A password manager is a secure way to generate long, complex and unique passwords without relying on your brain or a piece of paper to remember them. It is easy to import log-in data from all the accounts associated with your email address, and they are encrypted. Highly-rated password manager services include Dashlane, LastPass and Sticky Password. No matter which service you choose, it’s better than storing your passwords on your browser!
Two-factor authentication is an increasingly popular way of tightening security when using web services, such as Amazon, Dropbox, and Facebook. Users can add a secondary authentication method, such as a text message, email, or phone call to verify account details.
Most people have a 4-digit PIN on their cell phones, but if you’re serious about security, use the password setting on your phone to make the PIN longer. It’s also a good idea to differentiate it from your banking PIN.
Dorset Connects’ team of IT security experts can help you make sure that your organization is taking the right steps to keep its data secure.
Organizations today are dependent on their need to access a lot of data. More and more, that critical information is moving to the cloud.
Here are three ways that moving to the cloud ensures that you’ll have access to your important files when you need them.
Moving your data to the cloud ensures that your employees always have access to the information they need when they need it. Whether your company offers flexible work locations for remote workers, or your sales team is on the road and needs access to close a deal, when you move to the cloud, the information is available – at any time and from any device. It saves time and improves your team’s overall productivity.
While most people understand the benefits of being able to access their data via the cloud, the most common question we get about the process has to do with data security. At Dorset Connects, we take multiple steps to ensure that your data is completely secure.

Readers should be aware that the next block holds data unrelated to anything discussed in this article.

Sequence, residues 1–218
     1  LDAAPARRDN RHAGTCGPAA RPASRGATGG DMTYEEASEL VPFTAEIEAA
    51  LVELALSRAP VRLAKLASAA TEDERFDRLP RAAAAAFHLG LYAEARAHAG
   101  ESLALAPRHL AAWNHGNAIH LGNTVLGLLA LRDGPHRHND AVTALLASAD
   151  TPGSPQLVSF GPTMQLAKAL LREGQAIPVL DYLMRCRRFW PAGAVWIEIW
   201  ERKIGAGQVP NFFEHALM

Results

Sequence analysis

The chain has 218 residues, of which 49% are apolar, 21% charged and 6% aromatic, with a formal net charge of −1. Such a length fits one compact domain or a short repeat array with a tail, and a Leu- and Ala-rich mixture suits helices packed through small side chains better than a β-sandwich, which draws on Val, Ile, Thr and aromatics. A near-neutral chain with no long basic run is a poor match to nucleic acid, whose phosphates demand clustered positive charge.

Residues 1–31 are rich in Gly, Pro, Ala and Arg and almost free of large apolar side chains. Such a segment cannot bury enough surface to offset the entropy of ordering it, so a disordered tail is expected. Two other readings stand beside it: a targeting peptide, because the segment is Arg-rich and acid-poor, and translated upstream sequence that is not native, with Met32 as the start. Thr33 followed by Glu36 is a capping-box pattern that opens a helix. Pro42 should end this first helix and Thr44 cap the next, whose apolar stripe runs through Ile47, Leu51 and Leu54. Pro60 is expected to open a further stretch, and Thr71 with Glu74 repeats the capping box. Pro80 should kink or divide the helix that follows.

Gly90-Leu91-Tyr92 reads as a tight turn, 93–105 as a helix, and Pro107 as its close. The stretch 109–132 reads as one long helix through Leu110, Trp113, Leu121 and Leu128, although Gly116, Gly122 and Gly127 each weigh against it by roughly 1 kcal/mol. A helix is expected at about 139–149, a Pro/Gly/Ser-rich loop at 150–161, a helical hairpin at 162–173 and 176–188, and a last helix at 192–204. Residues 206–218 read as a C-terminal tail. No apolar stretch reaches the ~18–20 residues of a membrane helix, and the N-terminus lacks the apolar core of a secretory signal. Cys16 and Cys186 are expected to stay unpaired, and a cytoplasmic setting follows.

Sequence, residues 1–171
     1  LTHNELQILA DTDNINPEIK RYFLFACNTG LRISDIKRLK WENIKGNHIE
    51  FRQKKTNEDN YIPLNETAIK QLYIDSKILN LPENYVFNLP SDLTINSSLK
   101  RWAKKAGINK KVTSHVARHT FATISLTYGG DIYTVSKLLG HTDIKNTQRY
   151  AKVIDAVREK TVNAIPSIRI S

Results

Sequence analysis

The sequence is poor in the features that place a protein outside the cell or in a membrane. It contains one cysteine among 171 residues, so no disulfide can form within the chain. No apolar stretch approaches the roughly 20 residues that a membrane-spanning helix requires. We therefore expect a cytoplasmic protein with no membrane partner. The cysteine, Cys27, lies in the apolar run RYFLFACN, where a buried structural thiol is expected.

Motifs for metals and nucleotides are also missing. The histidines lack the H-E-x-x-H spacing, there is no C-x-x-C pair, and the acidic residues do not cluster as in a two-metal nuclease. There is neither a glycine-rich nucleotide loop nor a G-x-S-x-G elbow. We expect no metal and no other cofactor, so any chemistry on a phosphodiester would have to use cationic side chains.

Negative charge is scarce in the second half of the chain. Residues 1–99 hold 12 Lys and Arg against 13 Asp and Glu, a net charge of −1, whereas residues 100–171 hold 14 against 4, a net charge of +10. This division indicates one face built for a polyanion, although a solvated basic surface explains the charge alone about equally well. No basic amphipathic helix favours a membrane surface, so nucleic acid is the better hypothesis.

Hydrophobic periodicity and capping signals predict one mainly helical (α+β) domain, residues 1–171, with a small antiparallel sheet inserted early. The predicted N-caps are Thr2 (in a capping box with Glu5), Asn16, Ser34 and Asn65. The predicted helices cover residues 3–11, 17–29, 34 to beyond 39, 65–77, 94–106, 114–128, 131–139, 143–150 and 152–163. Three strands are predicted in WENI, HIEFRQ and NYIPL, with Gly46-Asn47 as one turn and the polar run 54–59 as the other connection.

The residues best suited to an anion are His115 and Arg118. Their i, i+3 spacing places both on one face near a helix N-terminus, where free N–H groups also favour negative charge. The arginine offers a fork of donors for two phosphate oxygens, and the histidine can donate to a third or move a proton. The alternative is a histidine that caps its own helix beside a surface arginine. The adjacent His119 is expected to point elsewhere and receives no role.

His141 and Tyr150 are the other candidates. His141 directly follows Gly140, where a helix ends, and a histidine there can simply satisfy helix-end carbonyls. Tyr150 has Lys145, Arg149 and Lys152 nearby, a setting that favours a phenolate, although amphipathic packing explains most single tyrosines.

In addition to encrypting your data during transfers and employing a multi-factor authentication process, we take another critical step in securing your data by educating your staff. How your team protects your data is frequently overlooked, but integral to an effective data security strategy.
By working with your employees to ensure everyone understands the necessity of the data security measures, everyone becomes a valuable member of the team we have assembled to keep your data safe.
One of the biggest benefits of moving to the cloud is that regardless of server failures, natural disasters or power outages, you will always have the ability to store and retrieve your most valuable asset: your data. This ensures that you can continue to do business even if you can’t get to the office.
One client, a regional restaurant chain, used to host their email internally. They faced constant power failures that caused the whole company to lose email access days at a time. Employees would have to resort to using personal email to communicate, causing major disruption to business.
By moving to the cloud, this client was finally able to maintain constant access to their emails, and thereby avoid the hassle that their frequent email outages caused, allowing them to maintain business as usual.
Making the move to the cloud can be a big decision. What it ultimately means to your business is peace of mind, improved employee productivity, and enhanced business agility. Just imagine the ways your organization could evolve if you partnered with an expert company like Dorset Connects to give your employees access at any time, from anywhere, on any device.
Learn more by joining our live breakfast event: Cloud in My Coffee. Register here.
Microsoft is set to retire Internet Explorer 8, 9 and 10 for most versions of the Windows operating system next Tuesday, according to a support page from Microsoft. What this means is that while these older browsers will continue to work, Microsoft will cease providing security updates, putting people still using them at significant security risks. Additionally, many Microsoft web services, such as Office 365 will no longer function properly on these unsupported browsers.
Microsoft warned of the change last year. The only exceptions to the planned retirements will be for Windows Vista, Windows Server 2008 and Windows Server 2012. The first two will see Internet Explorer 9 still supported, while Internet Explorer 10 will continue to be supported on Windows Server 2012.